Pub. date: 2010 | Online Pub. Date: November 23, 2010 | DOI: 10.4135/9781412959193 | Print ISBN: 9781412959186 | Online ISBN: 9781412959193| Publisher:SAGE Publications, Inc.About this encyclopedia
Cullen, Francis T.: Social Support and Crime
Travis C. Pratt & Tasha Kunzi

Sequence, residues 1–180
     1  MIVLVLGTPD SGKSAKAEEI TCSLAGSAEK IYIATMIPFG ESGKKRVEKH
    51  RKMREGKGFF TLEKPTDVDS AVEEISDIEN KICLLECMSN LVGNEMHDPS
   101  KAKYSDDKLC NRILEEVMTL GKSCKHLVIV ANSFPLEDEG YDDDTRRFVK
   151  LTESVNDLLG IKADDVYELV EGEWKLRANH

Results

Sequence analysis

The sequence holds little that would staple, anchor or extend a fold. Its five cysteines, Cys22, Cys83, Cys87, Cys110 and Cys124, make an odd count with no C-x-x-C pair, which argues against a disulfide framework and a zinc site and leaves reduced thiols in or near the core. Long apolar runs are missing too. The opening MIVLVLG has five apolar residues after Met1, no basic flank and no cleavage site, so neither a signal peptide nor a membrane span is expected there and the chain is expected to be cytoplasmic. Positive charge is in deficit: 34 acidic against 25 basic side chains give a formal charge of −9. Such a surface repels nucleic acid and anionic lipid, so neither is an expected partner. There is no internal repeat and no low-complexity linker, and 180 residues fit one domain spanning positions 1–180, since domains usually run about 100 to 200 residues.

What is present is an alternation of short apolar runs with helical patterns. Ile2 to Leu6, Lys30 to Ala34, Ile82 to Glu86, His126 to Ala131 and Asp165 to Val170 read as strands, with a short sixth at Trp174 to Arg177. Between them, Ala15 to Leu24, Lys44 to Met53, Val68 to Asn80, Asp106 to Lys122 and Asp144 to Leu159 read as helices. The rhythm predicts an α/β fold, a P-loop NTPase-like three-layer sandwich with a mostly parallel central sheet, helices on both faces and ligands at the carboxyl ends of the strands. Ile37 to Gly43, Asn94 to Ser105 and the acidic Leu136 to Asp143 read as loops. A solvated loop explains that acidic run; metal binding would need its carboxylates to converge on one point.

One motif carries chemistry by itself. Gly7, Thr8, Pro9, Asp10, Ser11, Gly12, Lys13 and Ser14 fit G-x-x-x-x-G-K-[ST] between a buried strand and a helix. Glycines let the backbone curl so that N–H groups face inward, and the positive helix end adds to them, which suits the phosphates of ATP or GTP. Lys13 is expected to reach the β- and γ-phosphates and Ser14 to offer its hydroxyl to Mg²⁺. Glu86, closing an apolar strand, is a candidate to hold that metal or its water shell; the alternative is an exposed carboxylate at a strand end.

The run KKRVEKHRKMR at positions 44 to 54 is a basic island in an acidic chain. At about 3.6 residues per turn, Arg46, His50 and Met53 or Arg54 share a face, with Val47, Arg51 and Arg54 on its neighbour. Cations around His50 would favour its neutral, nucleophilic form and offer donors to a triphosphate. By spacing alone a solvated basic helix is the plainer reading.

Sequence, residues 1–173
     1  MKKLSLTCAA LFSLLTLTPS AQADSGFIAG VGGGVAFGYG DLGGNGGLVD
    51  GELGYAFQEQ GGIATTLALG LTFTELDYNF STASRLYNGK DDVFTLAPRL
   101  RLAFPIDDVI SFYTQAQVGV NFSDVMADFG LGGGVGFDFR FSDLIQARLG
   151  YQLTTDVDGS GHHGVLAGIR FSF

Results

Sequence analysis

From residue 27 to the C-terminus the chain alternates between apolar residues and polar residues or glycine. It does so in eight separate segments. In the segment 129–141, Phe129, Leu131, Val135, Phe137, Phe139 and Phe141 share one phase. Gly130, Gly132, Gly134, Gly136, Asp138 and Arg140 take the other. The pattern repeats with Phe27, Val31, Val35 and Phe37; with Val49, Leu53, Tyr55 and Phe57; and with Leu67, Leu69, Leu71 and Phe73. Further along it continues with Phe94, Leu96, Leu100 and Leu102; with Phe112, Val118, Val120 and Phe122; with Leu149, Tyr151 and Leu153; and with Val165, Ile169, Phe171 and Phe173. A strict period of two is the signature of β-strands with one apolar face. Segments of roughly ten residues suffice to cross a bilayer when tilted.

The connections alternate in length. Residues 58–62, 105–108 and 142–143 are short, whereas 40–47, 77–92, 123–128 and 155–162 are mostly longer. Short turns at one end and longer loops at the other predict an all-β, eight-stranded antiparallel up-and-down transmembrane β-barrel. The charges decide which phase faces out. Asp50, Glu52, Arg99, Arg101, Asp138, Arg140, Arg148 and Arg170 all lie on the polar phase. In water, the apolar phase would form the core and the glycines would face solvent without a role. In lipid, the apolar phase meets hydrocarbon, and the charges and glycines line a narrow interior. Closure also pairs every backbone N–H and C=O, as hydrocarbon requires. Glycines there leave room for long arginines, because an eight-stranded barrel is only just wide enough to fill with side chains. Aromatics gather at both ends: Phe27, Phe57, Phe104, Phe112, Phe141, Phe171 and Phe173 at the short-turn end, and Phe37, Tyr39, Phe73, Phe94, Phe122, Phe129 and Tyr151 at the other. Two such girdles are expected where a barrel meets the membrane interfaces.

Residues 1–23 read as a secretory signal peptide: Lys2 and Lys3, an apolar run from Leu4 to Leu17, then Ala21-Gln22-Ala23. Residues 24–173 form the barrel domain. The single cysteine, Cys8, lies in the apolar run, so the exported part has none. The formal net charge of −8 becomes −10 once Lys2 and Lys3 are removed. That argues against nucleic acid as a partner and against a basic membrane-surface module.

Most criminological theories generally fall into one of two broad categories. First, there are a number of motivational theories that emphasize the importance of social conditions and cultural dynamics that may be criminogenic (e.g., anomie/strain, economic deprivation theories). Then there are opportunity theories that focus on how the breakdown of social institutions may weaken the ability of social collectives to exert control over citizens’ behavior (e.g., routine activity, rational choice, and social disorganization theories). Francis T. Cullen's social support theory, however, represents a bit of a departure from this dichotomous way of thinking about crime. At its most basic level, instead of looking at the ways in which individuals or communities may or may not be exposed to certain criminogenic conditions, social support theory is more oriented toward explaining how certain social-contextual conditions may insulate people from crime and victimization. This is not to say that social support theory denies ...